These early workers were quite surprised at the good reception given them in Austin, as most of the other cities in the early days of its organization greeted The Salvation Army with sticks, mud and other missiles. In Austin, however, great crowds attended the outdoor meetings and cooperation was given them by the people of the city. The popularity of this unusual organization was not universal, however, according to the following excerpt from The Austin Statesman:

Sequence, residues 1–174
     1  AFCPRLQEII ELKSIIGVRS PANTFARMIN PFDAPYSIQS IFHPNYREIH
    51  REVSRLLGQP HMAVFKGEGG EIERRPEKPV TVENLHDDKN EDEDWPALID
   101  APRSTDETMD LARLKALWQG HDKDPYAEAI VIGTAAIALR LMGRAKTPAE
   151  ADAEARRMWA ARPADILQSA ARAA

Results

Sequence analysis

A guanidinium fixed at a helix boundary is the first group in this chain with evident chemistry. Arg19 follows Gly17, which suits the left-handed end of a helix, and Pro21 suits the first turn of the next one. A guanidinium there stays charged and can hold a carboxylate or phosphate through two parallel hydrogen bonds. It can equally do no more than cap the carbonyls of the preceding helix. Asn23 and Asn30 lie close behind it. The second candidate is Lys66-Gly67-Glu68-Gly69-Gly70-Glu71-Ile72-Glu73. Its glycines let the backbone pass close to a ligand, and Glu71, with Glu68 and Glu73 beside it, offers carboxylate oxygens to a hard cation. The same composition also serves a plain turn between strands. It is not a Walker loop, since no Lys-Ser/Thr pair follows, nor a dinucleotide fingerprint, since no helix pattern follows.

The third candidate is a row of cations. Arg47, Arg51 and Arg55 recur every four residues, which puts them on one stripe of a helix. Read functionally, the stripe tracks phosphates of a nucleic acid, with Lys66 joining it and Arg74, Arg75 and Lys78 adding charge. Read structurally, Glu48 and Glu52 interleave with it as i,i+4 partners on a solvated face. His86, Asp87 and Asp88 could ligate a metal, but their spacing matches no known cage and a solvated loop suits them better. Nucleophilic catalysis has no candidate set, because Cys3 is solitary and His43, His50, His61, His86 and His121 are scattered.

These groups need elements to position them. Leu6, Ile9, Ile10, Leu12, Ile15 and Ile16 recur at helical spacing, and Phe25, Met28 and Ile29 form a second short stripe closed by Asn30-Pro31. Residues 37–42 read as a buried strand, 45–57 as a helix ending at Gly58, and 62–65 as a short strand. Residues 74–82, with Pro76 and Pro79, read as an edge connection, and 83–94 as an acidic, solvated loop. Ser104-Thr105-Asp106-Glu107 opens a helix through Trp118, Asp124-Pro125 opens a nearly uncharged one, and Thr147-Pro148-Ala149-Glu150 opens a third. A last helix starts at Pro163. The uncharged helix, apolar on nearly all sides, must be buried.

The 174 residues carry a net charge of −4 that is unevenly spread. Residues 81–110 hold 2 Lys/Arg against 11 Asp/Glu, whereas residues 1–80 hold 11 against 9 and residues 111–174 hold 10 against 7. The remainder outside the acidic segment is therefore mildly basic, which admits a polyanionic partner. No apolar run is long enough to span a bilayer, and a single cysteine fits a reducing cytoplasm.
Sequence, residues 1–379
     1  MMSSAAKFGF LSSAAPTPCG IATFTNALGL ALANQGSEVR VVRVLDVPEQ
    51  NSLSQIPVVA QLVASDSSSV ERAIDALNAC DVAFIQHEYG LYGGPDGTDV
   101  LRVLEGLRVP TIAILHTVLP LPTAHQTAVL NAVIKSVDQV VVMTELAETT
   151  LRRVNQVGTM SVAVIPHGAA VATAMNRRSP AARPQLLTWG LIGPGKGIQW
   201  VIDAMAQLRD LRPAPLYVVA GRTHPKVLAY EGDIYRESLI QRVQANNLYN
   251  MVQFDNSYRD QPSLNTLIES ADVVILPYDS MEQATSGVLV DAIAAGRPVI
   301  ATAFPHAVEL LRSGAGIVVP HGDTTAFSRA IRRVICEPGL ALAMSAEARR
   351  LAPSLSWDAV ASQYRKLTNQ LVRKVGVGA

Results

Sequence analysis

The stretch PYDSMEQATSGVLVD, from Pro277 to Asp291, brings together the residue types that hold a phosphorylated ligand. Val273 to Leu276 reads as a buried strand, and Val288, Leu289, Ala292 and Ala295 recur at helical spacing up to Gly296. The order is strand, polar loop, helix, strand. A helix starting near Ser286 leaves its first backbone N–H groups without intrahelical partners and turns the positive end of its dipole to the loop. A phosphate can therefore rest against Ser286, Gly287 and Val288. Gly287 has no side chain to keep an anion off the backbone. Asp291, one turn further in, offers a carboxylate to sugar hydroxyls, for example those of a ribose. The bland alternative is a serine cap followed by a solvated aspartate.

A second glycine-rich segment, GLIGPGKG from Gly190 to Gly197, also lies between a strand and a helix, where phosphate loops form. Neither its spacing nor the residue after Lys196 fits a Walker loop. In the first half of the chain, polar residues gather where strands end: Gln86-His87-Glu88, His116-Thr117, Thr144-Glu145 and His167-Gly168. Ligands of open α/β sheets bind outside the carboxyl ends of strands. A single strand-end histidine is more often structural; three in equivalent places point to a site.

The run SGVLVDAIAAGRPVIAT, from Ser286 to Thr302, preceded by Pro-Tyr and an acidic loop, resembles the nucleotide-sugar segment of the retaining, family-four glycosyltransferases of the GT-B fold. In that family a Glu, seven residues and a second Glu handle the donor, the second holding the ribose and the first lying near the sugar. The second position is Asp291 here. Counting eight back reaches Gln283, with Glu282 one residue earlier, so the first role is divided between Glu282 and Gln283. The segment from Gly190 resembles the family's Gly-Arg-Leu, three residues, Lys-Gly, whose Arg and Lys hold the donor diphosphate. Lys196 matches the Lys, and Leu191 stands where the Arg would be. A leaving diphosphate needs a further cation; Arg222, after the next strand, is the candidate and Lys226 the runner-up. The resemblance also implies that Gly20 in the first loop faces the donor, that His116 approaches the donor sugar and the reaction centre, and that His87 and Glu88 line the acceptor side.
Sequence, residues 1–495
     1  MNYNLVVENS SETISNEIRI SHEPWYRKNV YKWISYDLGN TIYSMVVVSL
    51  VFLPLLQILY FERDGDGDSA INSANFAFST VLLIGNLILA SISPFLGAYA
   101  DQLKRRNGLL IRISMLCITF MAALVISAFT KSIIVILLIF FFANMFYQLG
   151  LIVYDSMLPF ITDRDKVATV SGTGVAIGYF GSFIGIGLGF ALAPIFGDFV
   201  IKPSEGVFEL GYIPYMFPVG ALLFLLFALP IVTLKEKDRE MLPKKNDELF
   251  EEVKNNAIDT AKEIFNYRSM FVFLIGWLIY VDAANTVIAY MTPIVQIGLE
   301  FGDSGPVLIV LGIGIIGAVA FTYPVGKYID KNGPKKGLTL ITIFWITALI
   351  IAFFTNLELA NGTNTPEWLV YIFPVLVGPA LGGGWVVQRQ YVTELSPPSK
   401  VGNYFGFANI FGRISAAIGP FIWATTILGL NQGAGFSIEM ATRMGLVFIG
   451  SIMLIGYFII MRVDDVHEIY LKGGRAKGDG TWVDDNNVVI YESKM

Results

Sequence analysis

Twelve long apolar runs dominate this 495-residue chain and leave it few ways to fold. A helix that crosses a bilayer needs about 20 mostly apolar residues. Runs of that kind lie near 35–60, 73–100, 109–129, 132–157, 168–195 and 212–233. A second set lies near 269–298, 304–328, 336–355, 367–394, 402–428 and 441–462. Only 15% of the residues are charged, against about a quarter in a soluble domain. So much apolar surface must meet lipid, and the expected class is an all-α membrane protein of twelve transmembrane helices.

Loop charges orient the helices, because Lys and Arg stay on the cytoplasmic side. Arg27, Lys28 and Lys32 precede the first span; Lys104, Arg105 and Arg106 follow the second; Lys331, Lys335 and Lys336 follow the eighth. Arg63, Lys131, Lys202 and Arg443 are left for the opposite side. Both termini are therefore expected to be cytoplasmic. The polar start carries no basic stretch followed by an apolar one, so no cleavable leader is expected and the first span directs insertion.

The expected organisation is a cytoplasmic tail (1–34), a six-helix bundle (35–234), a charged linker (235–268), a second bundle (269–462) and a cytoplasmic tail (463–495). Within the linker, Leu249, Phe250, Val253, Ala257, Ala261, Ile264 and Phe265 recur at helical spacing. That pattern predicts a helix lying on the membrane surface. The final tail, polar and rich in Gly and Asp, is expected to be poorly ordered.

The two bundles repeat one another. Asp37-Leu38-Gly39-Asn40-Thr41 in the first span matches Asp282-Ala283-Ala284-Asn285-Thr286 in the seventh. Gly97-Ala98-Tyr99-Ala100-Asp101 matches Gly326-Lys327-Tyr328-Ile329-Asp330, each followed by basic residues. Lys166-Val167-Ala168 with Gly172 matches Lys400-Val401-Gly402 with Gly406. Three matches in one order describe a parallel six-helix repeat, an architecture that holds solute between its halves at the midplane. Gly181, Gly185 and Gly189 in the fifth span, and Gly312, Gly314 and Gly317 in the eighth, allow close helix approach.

“It is rumored that The Salvation Army is going to fight the city ordinance which was passed last Monday prohibiting the banging of their big drum. The law will go into effect in a couple of days and some lively times may be expected if the vociferous promulgators of salvation persist in their drum beating” [September 13, 1891].
Years later, the Mayor of Austin recalled that members of his family were among the first contacted upon the arrival of The Army. He also recalled Army marching down the streets carrying out the Founder’s command, “Go for souls and go for the worst.” He and his family remained staunch supporters.